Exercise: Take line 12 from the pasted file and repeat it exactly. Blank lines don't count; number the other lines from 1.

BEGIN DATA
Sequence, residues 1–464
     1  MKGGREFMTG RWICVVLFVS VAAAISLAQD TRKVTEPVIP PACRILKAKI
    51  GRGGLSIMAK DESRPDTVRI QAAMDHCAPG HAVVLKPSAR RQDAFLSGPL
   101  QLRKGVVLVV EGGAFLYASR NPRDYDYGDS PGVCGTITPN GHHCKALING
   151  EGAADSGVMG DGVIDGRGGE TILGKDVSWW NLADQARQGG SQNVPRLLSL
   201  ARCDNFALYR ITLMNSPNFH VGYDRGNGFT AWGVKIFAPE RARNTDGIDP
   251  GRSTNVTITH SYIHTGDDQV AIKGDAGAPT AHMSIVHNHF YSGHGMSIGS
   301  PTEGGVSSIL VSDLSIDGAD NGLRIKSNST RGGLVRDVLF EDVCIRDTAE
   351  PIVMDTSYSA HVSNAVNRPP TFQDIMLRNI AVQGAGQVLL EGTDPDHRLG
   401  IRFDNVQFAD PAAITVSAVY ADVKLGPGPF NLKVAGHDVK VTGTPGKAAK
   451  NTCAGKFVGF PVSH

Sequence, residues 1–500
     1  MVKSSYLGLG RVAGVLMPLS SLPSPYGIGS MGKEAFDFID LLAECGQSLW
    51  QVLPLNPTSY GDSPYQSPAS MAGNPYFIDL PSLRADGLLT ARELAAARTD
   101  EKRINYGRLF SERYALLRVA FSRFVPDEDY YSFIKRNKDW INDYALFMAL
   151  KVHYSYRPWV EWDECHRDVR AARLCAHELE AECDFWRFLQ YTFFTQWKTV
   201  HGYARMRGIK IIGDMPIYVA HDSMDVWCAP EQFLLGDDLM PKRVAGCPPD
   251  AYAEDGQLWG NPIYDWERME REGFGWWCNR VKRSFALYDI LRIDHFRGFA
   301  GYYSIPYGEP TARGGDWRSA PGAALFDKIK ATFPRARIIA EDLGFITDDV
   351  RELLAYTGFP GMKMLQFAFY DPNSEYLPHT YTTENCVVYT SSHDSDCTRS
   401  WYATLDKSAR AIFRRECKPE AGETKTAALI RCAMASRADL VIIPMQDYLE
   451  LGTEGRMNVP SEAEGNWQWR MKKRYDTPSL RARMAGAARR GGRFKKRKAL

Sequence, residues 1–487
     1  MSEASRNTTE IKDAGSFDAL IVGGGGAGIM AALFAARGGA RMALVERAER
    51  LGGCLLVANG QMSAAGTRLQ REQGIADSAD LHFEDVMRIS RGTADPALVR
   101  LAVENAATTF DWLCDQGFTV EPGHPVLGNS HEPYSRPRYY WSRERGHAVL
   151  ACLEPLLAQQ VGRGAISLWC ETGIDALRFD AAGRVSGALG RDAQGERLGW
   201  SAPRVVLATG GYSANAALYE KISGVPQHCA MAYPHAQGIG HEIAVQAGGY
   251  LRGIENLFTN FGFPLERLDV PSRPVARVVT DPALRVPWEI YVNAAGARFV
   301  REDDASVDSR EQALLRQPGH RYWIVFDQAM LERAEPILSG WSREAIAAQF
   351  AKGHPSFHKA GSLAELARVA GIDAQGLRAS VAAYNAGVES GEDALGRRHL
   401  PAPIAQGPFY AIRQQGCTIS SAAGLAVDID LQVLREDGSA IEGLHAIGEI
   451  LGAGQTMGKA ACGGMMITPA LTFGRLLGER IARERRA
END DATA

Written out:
Sequence, residues 1–500